Jens discovers that the road to autonomous driving and e-mobility can be entertaining after all, but not necessarily for the right reasons.
Last month was full of surprises, not all of them pleasant for advocates of ‘change.’ A particularly amusing incident took place at the Goodwood Festival of Speed, where a 1965 Ford Mustang was supposed to provide a taste of ‘autonomous driving’ to a car loving, enthusiast clientele. The vehicle was converted by the Siemens technology juggernaut. But its demonstration rides at the famous ‘Hill Climb’ went awry.
The modernised classic was supposed to master the course completely without human intervention. It was designed to rely not on road scanning sensors but on GPS signals. And that’s fully appropriate, as this is exactly how many actors imagine autonomous driving – including network operators who would like to pass the tab on for switching to 5G data to the automotive sector.
They must be hoping that not too many prospective customers saw their vision in action at the Hill Climb. And that’s not just because the Mustang completed the course in painfully slow motion. In fact, the leisurely pace might have prevented worse. Over the entire route, the Mustang meandered between the edges of the road, with the steering violently jerking. And, on one occasion, on a straight stretch, it barrelled into the hay bales on the side of the road. The ‘driver’ was unable to avoid contact. A solid obstacle would have resulted in considerable damage.
Before this memorable technology demonstration, Dr James Brighton, a senior lecturer at Cranfield University, who worked on the project with Siemens, said: ‘Goodwood offers us a chance to reflect on why we have an emotional connection with cars, and acts as a reminder that humans like to be engaged and part of the action.’ I couldn’t have put it better.
Similarly entertaining was Elon Musk’s Twitter rant against one of the key players in Thailand’s widely covered cave rescue operation. The eccentric billionaire had inserted himself late into the rescue efforts – and offered a one-person submarine made ‘from rocket parts.’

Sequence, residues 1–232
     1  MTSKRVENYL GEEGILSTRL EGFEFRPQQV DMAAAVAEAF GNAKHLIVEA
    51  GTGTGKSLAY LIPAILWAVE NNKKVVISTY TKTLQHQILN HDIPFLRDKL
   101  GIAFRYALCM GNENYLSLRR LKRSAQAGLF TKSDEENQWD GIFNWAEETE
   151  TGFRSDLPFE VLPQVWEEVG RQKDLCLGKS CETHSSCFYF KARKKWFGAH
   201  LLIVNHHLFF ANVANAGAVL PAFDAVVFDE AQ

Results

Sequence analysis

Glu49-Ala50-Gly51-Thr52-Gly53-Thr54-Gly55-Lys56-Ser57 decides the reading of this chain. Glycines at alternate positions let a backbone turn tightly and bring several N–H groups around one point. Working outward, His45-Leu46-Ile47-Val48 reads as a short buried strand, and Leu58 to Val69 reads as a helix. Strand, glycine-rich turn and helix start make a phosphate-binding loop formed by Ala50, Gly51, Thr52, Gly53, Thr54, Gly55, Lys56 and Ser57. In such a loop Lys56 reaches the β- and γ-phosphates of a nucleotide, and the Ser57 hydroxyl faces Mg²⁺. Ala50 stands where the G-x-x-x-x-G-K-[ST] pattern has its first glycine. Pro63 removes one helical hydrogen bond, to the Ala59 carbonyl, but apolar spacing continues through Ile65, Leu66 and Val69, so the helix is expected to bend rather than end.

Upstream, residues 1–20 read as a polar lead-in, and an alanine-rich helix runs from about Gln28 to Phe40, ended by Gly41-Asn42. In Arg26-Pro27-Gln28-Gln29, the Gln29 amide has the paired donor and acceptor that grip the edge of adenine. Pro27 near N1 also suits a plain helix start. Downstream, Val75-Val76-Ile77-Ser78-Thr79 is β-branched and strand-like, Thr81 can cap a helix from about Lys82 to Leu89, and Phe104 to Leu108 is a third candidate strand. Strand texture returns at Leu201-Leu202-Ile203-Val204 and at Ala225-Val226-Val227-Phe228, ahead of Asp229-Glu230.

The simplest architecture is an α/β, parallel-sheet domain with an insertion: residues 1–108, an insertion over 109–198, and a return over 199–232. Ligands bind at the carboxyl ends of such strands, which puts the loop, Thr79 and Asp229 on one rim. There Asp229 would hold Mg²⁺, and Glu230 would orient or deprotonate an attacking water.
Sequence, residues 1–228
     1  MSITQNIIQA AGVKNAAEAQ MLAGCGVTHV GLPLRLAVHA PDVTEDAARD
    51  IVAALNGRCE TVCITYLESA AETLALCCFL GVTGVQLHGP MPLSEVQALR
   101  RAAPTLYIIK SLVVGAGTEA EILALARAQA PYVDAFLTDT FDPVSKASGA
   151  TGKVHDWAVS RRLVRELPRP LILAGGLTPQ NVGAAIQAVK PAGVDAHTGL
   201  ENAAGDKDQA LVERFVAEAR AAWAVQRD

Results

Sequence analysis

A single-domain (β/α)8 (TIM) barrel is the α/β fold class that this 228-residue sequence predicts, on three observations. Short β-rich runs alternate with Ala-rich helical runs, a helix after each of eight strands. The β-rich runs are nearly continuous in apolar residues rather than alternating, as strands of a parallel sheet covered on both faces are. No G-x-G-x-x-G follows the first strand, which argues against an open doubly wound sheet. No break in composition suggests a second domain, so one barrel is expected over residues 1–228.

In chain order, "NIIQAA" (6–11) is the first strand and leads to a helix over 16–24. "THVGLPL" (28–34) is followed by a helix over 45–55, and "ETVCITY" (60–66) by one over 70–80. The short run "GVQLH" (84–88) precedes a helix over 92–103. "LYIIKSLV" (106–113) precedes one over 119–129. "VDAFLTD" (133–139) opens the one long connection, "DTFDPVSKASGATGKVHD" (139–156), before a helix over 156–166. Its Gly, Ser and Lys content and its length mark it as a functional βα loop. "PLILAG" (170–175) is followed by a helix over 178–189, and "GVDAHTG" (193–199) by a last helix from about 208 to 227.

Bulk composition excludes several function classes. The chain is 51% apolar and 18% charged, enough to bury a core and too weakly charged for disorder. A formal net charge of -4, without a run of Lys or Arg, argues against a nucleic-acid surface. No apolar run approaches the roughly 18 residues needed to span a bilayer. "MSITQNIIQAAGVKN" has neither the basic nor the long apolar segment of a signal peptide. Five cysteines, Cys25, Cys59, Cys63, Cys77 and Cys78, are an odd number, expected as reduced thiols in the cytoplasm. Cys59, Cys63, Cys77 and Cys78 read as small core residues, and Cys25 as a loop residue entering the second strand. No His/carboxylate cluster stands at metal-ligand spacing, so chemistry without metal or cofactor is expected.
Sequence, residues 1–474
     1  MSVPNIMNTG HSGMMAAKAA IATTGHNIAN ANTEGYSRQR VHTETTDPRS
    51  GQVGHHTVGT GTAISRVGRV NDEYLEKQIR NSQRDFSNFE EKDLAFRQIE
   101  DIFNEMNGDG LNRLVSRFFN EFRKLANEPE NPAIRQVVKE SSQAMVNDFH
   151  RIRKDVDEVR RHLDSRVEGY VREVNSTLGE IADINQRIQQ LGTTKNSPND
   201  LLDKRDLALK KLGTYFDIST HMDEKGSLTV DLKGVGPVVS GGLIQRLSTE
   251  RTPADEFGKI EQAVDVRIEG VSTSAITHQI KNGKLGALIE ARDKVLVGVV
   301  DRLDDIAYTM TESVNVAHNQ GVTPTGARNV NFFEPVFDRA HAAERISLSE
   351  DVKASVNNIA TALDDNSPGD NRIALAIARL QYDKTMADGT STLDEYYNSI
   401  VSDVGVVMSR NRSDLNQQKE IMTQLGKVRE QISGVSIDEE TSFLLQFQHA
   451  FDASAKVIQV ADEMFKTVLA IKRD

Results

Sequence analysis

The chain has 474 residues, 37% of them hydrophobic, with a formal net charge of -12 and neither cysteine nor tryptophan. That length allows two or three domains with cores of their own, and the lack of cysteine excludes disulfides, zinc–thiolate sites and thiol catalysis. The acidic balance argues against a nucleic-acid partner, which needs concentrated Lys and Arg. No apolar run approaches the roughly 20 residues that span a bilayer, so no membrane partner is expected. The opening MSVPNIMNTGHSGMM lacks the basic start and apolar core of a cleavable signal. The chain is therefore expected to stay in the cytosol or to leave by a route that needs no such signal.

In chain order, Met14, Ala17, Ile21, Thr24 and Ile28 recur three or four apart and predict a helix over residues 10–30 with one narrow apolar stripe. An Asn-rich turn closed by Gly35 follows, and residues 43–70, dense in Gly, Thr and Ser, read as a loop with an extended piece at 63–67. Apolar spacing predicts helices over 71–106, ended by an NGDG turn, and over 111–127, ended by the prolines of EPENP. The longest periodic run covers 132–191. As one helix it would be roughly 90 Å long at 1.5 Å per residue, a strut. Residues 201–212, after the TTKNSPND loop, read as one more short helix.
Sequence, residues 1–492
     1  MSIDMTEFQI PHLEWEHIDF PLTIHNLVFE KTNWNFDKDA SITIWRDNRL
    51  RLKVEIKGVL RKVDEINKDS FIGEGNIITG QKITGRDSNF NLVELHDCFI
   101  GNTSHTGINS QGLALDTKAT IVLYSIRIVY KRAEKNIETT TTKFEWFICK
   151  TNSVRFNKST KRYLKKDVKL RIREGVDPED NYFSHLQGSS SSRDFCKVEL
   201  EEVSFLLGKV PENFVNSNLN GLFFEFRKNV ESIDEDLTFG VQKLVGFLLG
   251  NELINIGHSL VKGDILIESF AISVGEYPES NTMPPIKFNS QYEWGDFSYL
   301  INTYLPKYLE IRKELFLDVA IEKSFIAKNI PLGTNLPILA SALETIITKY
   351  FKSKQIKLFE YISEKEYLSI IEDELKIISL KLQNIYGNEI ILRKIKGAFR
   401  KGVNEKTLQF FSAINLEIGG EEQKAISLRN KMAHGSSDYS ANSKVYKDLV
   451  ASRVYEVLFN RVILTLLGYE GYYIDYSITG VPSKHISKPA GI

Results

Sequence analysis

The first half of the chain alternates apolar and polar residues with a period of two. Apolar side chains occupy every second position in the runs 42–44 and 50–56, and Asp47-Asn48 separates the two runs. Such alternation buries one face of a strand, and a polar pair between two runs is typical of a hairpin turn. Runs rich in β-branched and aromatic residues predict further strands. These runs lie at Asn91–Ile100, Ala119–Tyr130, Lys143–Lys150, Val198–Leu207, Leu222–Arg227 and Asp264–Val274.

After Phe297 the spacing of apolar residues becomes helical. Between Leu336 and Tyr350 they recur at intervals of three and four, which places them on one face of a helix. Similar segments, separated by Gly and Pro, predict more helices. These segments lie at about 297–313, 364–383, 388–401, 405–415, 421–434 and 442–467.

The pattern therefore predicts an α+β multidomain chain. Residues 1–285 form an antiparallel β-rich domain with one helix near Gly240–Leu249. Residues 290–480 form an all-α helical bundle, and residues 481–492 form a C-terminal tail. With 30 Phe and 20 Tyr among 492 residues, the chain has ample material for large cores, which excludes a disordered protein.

While the narrowest point in the Tham Luong Cave measures just 38 x 70 centimetres, Musk insisted that his submarine could easily have completed the route. On Twitter, he highlighted his philanthropic commitment with multifarious posts and demonstrated an open ear for suggestions. And, thus, the submarine was equipped – as a result of a Twitter dialogue – with ‘padded wall pockets for a radio or phone/music player.’
Musk personally travelled to Thailand, but before his massive device could be put to use, the diving team had already rescued the kids in a bold operation. Meanwhile, Musk was wading around the entrance of the cave, telling the world that he would be ‘leaving it here in case it may be useful in the future,’ as though Thailand has an especially high prevalence of cave catastrophes. The bizarre tweet ended with the statement: ‘Thailand is so beautiful.’
Following the action, critical voices called Musk’s involvement effort a mere PR measure. British diver Vernon Unsworth, who played a crucial role in the coordination, lashed out, saying Musk should ‘put the submarine where it hurts,’ and that it couldn’t even have made it 50 meters into the cave.
That criticism did not sit well with the sensitive billionaire, and he shot back on his Twitter account immediately. He announced that he hadn’t seen Unsworth at the cave, called the fact that he is an expat in Thailand ‘sus,’ short for ‘suspicious,’ and concluded his rant by proclaiming ‘Sorry pedo guy, you really did ask for it.’
A few days later, Musk offered a half-hearted apology, but the damage had been done – and his supporter’s anger and bewilderment was amplified by the disclosure that he’s a major donor to Donald Trump’s Republican Party.
Who said the road to e-mobility isn’t entertaining?